“The First Emancipator: Slavery, Religion, and the Quiet Revolution of Robert Carter”
By Andrew Levy
336 pp., Random House
In Andrew Levy’s “The First Emancipator: The Forgotten Story of Robert Carter, the Founding Father Who Freed His Slaves,” we learn about the grandson of Tidewater legend Robert “King” Carter — Robert Carter III — who was born into the highest circles of Virginia’s Colonial aristocracy.
On Sept. 5, 1791, the man who was kin to the Washingtons and Lees, and a friend and peer to Thomas Jefferson and George Mason, severed his ties with this glamorous elite at the stroke of a pen. In a document he called his Deed of Gift, Carter declared his intent to set free nearly 500 slaves in the largest single act of liberation in the history of American slavery before the Emancipation Proclamation.
How did Carter succeed in the very action that George Washington and Thomas Jefferson claimed they fervently desired but were powerless to effect?
And why has his name all but vanished from the annals of American history? Levy (pictured below) traces the confluence of circumstance, conviction, war, and passion that led to Carter’s extraordinary act.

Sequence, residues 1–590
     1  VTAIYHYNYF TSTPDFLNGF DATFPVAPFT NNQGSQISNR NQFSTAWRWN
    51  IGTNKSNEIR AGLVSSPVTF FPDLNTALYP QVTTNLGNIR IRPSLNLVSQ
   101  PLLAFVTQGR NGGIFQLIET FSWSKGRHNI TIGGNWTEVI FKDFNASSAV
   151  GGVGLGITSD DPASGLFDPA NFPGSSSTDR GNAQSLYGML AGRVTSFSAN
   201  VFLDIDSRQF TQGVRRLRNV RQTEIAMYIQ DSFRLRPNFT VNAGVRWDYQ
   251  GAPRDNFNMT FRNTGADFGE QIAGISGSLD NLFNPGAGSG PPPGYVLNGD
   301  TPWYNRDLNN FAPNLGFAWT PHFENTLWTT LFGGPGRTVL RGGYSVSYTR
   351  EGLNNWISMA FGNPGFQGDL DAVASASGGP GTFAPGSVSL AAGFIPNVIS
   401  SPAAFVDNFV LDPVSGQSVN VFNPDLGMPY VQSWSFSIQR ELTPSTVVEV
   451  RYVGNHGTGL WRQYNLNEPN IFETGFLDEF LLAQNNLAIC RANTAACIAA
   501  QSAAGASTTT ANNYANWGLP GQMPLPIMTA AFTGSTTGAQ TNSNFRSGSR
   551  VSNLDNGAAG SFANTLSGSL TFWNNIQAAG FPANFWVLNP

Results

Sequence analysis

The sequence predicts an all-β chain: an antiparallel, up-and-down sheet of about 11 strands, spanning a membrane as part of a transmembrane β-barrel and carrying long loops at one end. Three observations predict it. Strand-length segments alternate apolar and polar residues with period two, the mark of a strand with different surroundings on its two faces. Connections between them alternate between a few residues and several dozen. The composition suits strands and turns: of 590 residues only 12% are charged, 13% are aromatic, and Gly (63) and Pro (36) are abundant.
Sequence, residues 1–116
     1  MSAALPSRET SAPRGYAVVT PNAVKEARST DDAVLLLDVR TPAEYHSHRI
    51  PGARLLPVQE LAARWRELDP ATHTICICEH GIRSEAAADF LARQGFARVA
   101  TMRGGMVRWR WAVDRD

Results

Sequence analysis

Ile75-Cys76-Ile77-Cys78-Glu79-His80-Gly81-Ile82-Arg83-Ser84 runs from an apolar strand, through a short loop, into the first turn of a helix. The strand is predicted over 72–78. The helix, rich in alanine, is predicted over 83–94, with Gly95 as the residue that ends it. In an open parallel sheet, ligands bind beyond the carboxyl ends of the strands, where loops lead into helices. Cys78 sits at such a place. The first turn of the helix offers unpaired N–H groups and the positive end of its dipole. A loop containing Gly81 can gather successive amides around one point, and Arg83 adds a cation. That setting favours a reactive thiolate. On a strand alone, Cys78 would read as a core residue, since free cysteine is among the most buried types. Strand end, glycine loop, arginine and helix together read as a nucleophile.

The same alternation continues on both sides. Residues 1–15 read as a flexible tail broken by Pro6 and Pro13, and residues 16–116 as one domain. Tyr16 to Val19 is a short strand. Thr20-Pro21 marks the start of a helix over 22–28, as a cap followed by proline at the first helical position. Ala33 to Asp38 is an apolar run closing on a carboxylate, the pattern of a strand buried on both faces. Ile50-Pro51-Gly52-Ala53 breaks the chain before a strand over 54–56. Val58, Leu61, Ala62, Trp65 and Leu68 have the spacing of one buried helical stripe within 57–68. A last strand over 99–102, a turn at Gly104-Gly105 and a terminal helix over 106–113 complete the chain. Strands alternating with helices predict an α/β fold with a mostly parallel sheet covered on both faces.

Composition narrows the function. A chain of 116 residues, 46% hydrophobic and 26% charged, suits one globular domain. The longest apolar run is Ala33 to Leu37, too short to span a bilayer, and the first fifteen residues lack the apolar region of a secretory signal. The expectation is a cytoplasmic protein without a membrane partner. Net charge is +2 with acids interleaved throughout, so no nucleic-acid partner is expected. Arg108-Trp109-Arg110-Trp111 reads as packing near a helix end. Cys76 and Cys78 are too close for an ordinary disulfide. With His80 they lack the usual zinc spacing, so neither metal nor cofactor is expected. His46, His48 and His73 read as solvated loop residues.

“At the dawn of the Revolutionary War, Carter was one of the wealthiest men in America, the owner of tens of thousands of acres of land, factories, ironworks–and hundreds of slaves. But incrementally, almost unconsciously, Carter grew to feel that what he possessed was not truly his. In an era of empty Anglican piety, Carter experienced a feverish religious visionthat impelled him to help build a church where blacks and whites were equals. In an age of publicly sanctioned sadism against blacks, he defied convention and extended new protections and privileges to his slaves. As the war ended and his fortunes declined, Carter dedicated himself even more fiercely to liberty, clashing repeatedly with his neighbors, his friends, government officials, and, most poignantly, his own family.”
Drawing on years of research, Levy’s “The First Emancipator” is a portrait of an unsung hero who has won his place in American history. It is an astonishing, challenging, and ultimately inspiring book.
About the Author: Andrew Levy is the Edna Cooper Chair in English at Butler University in in Indianapolis, IN. He is author of the critically acclaimed “Brain Wider Than the Sky” and the award-winning biography “The First Emancipator.” See more here. (Author photo by Randy Johnson.)